Beasts of the Southern Wild: a Republican fantasy?
While I normally let reviews stand on their own, I wanted to say a little more about my pan of Beasts of the Southern Wild, a film that's already been widely acclaimed and has inspired heated arguments. My dissent with the movie has nothing to do with its aesthetics or ambition, both of which strike me as admirable, but with what it says as allegory: Beasts appropriates a recent tragedy—namely, Hurricane Katrina—in a way that strikes me as glib.
This isn't to say that all movies with troubling political resonances are bad ones; just last night on TCM I caught part of On the Waterfront, an all-time classic that, inescapably, was also Elia Kazan's self-justification for testifying before HUAC. Still, I can't shake the sense that Beasts of the Southern Wild plays like a Republican fantasy version of what happened during Katrina. Intentionally or not, it implies that stranded Ninth Ward residents not only wanted to stay on their rooftops but somehow—through their own stubbornness in not clearing out—deserved to be there. And what's more, that the best thing to do about it was to leave them alone.
As recently as at least last year, you could hear GOP presidential candidates talking about the prospect of federal hurricane relief as if it incentivized Americans to build on low-lying ground. Beasts seems to argue that it's just as well FEMA dropped the ball. Not only do residents of the Bathtub (the movie's Ninth Ward stand-in) resist government help, but the authorities fail to understand what they're getting into. ("They say we were here for our own good," Hushpuppy, played by Quvenzhané Wallis, says after Bathtub residents are relocated to a hospital—leaving little doubt that she doesn't think they are.) Eventually, Bathtubbers stage an an escape ("We're bustin' out of here!") that the movie plays as a triumph.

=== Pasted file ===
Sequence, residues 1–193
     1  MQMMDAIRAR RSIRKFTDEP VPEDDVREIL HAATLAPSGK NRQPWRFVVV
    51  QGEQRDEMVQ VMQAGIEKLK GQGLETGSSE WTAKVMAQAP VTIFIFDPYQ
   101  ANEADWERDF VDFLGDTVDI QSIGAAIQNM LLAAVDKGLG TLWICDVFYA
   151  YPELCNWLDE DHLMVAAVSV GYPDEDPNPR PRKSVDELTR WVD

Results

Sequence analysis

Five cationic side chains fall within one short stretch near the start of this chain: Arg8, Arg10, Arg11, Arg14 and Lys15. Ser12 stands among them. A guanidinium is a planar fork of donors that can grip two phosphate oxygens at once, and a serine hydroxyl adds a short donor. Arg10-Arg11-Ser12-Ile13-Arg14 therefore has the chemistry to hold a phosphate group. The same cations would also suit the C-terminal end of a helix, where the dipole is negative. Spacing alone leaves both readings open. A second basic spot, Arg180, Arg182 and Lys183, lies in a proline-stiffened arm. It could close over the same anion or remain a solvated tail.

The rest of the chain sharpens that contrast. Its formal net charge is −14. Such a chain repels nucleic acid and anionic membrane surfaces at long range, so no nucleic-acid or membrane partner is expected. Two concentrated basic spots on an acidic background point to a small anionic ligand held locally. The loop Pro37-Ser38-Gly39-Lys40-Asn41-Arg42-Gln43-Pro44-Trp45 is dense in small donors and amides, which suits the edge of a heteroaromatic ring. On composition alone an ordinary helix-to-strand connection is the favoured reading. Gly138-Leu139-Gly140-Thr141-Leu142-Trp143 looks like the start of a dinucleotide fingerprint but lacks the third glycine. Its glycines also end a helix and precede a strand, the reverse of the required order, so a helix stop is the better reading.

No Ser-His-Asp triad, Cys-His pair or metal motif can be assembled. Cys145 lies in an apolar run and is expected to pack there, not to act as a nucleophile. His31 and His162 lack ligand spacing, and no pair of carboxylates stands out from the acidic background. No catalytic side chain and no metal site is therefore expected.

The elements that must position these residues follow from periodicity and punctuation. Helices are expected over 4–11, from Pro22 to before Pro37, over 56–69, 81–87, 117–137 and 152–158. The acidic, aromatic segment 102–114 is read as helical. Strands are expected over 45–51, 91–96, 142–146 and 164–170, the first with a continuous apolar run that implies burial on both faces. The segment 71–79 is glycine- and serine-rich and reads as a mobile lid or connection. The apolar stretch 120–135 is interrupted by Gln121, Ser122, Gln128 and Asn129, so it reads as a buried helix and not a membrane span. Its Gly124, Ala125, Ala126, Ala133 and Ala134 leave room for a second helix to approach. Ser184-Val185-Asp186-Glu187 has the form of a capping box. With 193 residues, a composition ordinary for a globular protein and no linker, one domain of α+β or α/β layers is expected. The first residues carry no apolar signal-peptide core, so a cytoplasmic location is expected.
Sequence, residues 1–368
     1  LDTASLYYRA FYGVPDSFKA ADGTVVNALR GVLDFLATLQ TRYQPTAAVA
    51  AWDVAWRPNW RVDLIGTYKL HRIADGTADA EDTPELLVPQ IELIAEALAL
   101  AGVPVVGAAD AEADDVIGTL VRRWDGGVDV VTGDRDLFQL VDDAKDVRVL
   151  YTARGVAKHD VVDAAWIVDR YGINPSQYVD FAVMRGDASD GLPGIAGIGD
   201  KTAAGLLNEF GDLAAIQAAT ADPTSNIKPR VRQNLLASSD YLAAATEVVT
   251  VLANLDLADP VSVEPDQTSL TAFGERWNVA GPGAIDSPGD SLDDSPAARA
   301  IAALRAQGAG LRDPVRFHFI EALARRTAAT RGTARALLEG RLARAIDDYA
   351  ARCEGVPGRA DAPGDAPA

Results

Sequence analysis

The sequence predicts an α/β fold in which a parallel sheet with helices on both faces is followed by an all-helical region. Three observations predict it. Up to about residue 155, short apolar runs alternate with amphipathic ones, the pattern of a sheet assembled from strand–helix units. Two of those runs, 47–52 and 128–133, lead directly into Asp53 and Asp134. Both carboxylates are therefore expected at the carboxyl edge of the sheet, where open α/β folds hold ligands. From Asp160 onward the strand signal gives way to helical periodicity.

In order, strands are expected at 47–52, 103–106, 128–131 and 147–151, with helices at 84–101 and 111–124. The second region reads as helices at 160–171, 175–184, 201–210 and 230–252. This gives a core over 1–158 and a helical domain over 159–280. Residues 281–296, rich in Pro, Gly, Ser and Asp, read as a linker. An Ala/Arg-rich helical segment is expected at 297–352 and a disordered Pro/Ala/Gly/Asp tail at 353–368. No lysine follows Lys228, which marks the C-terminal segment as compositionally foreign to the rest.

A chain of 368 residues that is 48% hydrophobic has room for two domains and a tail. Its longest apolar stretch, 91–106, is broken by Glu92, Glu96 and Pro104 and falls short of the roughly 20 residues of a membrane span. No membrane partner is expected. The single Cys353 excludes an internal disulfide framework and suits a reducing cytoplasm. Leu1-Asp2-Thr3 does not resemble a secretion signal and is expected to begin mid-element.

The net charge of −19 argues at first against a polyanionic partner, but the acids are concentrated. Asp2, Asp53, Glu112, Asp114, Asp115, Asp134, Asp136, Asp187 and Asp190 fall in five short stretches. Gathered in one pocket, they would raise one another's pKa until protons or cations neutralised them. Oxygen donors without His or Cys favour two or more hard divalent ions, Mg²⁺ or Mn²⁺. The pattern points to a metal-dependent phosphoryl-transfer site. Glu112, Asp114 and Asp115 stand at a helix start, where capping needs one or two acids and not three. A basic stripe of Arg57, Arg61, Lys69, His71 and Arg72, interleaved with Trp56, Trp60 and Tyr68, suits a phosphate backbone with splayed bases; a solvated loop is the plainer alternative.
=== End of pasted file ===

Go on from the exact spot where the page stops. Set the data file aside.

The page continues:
The depiction of poverty, too, seems in keeping with a particular stereotype, in which the poor only lack resources because of their own failures of initiative. In the Bathtub, every day is a holiday and no one seems to have much desire to be employed. Parents are depicted as alcohol-guzzling and inattentive-bordering-on-deadbeat. "If anything goes wrong, Walrus is dad," Hushpuppy's father, Wink (Dwight Henry), tells her, entrusting her to a neighbor in a moment the movie plays for a laugh. And that's to say nothing of the film's charged racial imagery (e.g., Wink swigging from his booze bottle and haplessly shooting at storm clouds, or, in a fantastical flashback, lazing in the sun).
I doubt that first-time feature director Benh Zeitlin meant for the movie to play as a magical-realist apologia for Bush's failings. (Spoiler alert: The Bathtub residents eschew help, pull themselves up by their bootstraps and learn, as Hushpuppy explains to one of the eponymous beasts at the end, to take care of their own.) But it's not a film in control of its own metaphor, and it poses troubling questions where it likely intends only uplift.